Musical Friends

They’re doing it One More Time.

For the fifth year in a row, two of the Yukon’s most popular – certainly most durable – musical groups are teaming up for a show loaded with nostalgia and upbeat melodies.

Hank Karr and Company and The Canucks will get together at the Yukon Arts Centre next week to do what they’ve been doing for more than half a century: giving audiences music that makes them want to dance.

Not that dancing will actually be encouraged.

“Last year I made a mistake,” Karr admits. “I mouthed off that there was some room to dance, and it peed some people off, because a few came up and they were standing in front of them.”

“And they couldn’t see,” Canucks lead singer Ed Isaak pitches in.

Neither Karr nor Isaak is ashamed to use the n word when asked what draws audiences to their shows.

“It’s a nostalgia crowd,” they say in unison.

“And I guess that’s the kind of music we play, same as Hank,” Isaak says.

“The thing I hear is, ‘Finally, we get to hear some music,'” Karr adds.

“I’m a country singer. I always have been, and I can’t change. When I listen to the stuff that’s coming out of Nashville now, I am ill. Because it’s about as close to country as Ray is to Lawrence Welk.”

This draws a big guffaw from Canucks keyboardist Ray Park, who started as an accordion player (like Welk) and even studied the instrument for two years at the Royal Conservatory of Music in Toronto.

As the only one who actually reads music, and as a former music teacher, Park also serves as de facto musical director of The Canucks.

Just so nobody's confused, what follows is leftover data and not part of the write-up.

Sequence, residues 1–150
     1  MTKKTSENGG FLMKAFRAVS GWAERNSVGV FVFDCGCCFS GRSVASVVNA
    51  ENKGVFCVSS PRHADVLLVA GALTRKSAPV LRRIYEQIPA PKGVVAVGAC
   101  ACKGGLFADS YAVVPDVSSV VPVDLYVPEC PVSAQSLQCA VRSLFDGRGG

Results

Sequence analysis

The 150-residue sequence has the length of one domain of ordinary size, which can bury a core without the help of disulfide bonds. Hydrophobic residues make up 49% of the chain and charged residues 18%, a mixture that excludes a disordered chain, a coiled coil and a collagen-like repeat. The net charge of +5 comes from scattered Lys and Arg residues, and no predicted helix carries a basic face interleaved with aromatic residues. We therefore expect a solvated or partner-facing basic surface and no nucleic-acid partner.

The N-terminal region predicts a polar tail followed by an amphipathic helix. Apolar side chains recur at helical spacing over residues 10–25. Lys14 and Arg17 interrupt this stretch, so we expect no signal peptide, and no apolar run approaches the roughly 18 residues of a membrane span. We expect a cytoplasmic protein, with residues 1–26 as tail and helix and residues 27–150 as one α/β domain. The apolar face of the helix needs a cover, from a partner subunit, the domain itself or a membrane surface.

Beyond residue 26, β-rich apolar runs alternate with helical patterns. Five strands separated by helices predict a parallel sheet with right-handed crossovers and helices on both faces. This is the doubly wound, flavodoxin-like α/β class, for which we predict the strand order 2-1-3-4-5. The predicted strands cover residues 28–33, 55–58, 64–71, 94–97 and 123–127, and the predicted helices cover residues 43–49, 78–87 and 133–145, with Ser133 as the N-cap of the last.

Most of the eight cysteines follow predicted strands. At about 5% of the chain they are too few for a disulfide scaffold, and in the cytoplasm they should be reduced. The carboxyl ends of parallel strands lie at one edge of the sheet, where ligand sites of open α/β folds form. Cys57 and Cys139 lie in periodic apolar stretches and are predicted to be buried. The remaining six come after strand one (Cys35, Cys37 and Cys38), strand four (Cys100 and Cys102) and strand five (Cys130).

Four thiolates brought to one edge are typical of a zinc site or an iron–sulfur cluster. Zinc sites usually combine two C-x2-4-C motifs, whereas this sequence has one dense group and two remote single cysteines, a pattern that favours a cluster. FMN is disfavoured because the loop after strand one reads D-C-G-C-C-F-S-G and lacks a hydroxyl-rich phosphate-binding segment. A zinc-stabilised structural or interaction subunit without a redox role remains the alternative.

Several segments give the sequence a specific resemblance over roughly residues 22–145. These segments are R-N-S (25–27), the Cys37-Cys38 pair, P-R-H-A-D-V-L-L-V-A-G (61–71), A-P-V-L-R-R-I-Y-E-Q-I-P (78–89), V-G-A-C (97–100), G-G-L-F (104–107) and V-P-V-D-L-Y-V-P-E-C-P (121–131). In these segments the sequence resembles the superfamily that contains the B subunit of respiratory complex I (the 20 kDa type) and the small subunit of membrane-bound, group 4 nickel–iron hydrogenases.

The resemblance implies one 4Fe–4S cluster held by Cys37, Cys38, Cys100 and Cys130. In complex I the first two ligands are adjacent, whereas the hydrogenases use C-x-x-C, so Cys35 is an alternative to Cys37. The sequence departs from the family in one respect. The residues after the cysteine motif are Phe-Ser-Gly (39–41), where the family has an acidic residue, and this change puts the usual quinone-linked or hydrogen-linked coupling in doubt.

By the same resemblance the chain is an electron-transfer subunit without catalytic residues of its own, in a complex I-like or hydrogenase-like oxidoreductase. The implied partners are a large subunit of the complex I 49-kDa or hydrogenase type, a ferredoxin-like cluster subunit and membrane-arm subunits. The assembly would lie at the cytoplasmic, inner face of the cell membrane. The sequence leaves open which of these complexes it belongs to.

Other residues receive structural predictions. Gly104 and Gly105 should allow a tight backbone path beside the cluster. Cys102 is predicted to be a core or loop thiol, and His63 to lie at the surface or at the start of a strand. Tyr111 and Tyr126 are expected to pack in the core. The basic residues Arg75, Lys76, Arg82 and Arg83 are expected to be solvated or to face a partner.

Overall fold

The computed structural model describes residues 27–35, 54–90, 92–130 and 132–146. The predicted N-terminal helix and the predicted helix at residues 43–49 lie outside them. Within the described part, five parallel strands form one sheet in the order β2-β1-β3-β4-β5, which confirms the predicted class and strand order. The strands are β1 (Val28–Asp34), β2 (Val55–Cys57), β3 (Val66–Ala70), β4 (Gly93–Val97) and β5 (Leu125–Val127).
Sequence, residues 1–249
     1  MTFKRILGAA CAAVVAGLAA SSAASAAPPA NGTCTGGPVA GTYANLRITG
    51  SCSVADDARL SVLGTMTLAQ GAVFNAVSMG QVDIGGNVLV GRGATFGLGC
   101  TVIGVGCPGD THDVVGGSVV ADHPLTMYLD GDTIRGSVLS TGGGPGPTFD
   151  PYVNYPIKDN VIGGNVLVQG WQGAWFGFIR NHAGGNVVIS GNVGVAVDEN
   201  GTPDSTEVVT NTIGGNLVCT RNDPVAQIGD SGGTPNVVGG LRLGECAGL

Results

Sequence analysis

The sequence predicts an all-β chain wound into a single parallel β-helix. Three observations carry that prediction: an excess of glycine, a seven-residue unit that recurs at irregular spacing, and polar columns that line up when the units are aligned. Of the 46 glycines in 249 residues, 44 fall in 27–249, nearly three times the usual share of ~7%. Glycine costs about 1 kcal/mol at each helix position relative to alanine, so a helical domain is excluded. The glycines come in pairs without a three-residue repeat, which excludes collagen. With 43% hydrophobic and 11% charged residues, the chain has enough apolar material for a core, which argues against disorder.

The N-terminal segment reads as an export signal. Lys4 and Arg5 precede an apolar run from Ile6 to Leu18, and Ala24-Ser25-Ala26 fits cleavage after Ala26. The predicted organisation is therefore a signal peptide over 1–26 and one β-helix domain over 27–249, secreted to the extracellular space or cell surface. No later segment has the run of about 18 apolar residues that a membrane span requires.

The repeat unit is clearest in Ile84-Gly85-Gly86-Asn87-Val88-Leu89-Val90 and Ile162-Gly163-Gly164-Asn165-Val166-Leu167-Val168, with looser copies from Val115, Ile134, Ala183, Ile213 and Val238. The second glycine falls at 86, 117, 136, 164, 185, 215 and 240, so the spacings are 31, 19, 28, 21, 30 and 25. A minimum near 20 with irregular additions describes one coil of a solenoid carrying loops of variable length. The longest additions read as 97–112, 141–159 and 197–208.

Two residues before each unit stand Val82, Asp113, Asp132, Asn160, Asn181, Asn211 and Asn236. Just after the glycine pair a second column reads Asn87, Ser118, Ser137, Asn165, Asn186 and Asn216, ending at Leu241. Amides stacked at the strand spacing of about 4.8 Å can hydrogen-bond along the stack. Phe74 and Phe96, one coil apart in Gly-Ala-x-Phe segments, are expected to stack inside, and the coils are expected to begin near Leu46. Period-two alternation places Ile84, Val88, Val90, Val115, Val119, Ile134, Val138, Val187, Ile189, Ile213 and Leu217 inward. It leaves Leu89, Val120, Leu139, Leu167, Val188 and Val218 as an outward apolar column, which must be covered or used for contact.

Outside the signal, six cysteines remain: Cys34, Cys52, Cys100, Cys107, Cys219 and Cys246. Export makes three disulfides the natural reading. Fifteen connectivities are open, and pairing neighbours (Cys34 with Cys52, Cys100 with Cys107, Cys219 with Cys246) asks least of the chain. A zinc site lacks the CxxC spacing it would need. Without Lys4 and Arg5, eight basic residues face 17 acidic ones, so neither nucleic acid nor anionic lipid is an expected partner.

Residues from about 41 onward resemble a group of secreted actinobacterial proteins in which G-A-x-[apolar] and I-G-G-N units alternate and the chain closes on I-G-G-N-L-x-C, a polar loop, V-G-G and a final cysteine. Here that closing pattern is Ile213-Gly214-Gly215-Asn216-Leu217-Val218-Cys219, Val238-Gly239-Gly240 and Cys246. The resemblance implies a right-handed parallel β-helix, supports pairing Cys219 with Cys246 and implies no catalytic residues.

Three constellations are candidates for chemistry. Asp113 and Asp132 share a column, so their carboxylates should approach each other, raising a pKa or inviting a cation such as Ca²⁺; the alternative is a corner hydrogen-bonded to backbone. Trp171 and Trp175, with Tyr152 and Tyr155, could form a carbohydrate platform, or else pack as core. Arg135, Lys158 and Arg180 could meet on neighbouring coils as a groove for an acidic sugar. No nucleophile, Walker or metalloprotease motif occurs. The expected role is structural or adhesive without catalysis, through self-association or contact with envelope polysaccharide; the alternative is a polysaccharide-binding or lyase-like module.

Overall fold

On the surface, the combination of the two groups might seem a little strange.

Karr is most closely associated with country music and iconic northern ballads such as Al Oster’s “Paddlewheeler” and “My Book of Yukon Memories” as well as his own composition “After Yukon”.

The Canucks, on the other hand, are known for their eclectic blend of swing, blues, jazz and popular musical genres from the 1950s and onward.

“We’ve never been into the heavy rock or anything, because that’s another era,” Isaak says.

Combined, however, the two groups appeal to a broad spectrum of musical tastes.

“We’re both capable of doing a little of everything, which is nice. We can cover everyone,” Isaak says.

In fact, the recent pairing is nothing new. In 1978 the two groups joined forces to record and perform for a while under the name Gold Fever.

Despite their deep connection to the Yukon, Karr and the three members of The Canucks – drummer Red Lewis is the third – actually all met in Vancouver several decades ago, in that curious mixing-and-matching characteristic of the music business.

As a teenager, Lewis started playing nightclubs in Vancouver’s Chinatown. It was at a new club called The Forbidden City that he met Park.

“It was May 12 of 1955. I still know the date in my head; it’s in my heart.”

After a three-month tour with country singer Evan Kemp, the pair decided to pursue music full-time. They headed to the United States with strict instructions from their manager.

“We were told, ‘I want you to stay clean. Don’t mess around with drugs, no drinking, no smoking on stage, that kind of stuff. You have to be a clean group,'” Lewis recalls him saying.

“That’s the image that we set, and we pretty much kept it our whole career.”

Living in rooms above their agent’s office near the famous Los Angeles corner of Hollywood and Vine, they got to meet and perform with such stars as Loretta Lynn, Jimmy Durante and Doris Day.

In 1960, Park returned to Vancouver. Lewis went on to Las Vegas, playing with a trio that still carried the name he and Park had used – The Canucks.